Mesoscale modeling of Central American smoke transport to the United States: 2....

Wang, J., and S. Christopher (2006), Mesoscale modeling of Central American smoke transport to the United States: 2. Smoke radiative impact on regional surface energy budget and boundary layer evolution, J. Geophys. Res., 111, D14S92, doi:10.1029/2005JD006720.

During 20 April to 21 May 2003, large amounts of smoke aerosols from Central American Biomass Burning (CABB) fires were transported to southeastern United States. Using a coupled aerosol, radiation, and meteorology model built upon the heritage of the Regional Atmospheric Modeling System (RAMS) with new capabilities called the Assimilation and Radiation Online Modeling of Aerosols (AROMA), this paper, the second of a two-part series, investigates smoke radiative impact on the regional surface energy budget, temperature and relevant boundary layer processes. Comparisons with limited ground-based observations and MODIS aerosol optical thickness (AOT) showed that model consistently simulated the smoke AOT and smoke radiative impacts on the 2 m air temperature (2mT) and downward shortwave irradiance (DSWI). Over 30 days the 24-hour mean smoke AOT was 0.18 (at 0.55 mm) near the smoke source region (Yucatan Peninsula and southern Mexico), and 0.09 in downwind region (e.g., southern Texas), both showing a diurnal variation of 24%. Maximum AOT occurred during late afternoon and minimum during early morning in smoke source region. The smoke radiative effects were dominant mostly during the daytime and resulted in the decrease of DSWI, sensible heat and latent heat by 22.5 Wm-2, 6.2 Wm-2, and 6.2 Wm-2, respectively, near the source region, in contrast to 15.8 Wm-2, 4.7 Wm-2, and 7.9 Wm-2, respectively, in downwind regions. Both maximum and minimum 2mT were decreased, and the overall diurnal temperature range (DTR) was reduced by 0.31°C and 0.26°C in the smoke source and downwind regions, respectively. The smoke absorption of solar radiation increased the lapse rate by 0.1–0.5 K/day in the planetary boundary layer (PBL), thus warming the air over the ocean surface. However, over the land surface where the coupling between the lower PBL and the cooler land surface is strong, such warming only occurred in the upper PBL and is amendable to the diurnal variation of smoke emission. The simulation numerically verifies the smoke self-trapping feedback mechanism proposed by Robock (1988), where the increase of the atmospheric stability in the PBL caused by the smoke radiative effects further traps more smoke aerosols in the lower PBL. Such feedbacks, when coupled with favorable synoptic systems, may have important implications for air quality modeling and hydrological processes.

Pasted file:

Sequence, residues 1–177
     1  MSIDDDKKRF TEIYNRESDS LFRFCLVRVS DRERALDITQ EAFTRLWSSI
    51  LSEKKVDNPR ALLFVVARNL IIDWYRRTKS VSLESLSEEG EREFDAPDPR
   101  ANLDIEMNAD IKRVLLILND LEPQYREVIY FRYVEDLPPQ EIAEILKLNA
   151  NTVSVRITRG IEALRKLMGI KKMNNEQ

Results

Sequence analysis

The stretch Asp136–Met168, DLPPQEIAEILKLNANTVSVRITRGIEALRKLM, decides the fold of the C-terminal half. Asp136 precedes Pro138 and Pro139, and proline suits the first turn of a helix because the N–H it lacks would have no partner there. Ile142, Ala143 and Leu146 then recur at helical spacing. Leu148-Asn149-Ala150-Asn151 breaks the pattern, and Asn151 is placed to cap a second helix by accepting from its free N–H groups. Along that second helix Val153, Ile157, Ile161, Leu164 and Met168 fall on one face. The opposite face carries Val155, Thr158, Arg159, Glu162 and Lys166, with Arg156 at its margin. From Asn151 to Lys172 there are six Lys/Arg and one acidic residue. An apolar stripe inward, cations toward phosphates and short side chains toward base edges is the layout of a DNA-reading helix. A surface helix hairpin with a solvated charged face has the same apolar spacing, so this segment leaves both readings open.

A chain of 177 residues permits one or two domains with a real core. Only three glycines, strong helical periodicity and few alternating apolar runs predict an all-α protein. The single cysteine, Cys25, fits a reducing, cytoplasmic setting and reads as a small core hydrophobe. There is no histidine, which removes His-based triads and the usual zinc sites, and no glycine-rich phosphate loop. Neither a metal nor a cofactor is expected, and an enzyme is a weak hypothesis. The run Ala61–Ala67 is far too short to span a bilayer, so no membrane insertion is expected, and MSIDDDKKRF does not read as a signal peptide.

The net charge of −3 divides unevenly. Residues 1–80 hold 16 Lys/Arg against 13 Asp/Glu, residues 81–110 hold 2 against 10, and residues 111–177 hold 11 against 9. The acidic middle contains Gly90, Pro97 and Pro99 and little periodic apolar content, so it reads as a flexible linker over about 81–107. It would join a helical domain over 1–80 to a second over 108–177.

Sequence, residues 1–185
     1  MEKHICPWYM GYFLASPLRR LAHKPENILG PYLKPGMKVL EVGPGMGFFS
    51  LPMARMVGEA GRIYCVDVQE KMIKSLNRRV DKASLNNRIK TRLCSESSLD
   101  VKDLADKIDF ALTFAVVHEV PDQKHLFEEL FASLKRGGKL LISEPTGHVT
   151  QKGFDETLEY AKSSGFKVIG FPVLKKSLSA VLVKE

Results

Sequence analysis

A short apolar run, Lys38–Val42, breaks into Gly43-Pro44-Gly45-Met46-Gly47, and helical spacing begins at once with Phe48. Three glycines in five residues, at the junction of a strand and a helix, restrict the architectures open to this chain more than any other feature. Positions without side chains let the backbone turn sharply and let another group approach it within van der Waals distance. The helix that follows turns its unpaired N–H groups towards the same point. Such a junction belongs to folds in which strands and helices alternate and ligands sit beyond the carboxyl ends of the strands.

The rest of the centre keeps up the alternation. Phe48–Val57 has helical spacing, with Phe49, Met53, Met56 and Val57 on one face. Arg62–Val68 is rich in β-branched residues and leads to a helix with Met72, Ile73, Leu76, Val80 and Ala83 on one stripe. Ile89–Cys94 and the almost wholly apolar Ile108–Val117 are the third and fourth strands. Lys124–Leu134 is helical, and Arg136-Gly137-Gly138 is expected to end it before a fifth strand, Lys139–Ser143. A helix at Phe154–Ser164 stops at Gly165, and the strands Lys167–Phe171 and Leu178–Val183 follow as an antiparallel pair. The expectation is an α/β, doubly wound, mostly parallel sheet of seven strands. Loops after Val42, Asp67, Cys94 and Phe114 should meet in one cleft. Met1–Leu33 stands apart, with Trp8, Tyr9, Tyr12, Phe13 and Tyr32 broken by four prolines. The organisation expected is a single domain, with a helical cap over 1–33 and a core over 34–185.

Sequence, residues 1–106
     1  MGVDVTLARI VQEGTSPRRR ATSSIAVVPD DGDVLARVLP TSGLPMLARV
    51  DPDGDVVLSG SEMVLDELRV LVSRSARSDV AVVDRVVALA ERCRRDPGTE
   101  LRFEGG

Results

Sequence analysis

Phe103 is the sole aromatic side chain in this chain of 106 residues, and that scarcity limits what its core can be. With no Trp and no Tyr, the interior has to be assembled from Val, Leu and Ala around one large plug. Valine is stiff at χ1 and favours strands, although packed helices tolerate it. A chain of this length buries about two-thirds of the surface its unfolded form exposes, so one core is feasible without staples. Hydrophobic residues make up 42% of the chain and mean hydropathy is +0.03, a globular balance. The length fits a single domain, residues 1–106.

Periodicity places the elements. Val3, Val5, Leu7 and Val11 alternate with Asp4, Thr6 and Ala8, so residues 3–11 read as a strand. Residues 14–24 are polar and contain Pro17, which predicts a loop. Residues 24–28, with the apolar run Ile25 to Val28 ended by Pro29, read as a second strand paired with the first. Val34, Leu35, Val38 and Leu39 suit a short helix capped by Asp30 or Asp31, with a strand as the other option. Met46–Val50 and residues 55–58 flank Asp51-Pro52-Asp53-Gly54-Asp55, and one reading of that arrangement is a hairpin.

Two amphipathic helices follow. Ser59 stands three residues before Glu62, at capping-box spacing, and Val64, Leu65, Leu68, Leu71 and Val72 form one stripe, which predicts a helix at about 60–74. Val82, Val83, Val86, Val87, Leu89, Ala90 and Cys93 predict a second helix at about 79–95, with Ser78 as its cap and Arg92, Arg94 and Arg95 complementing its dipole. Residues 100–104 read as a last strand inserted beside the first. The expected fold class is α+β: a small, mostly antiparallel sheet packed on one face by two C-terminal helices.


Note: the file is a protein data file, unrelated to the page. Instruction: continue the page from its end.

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Atmospheric Composition Modeling and Analysis Program (ACMAP)
Radiation Science Program (RSP)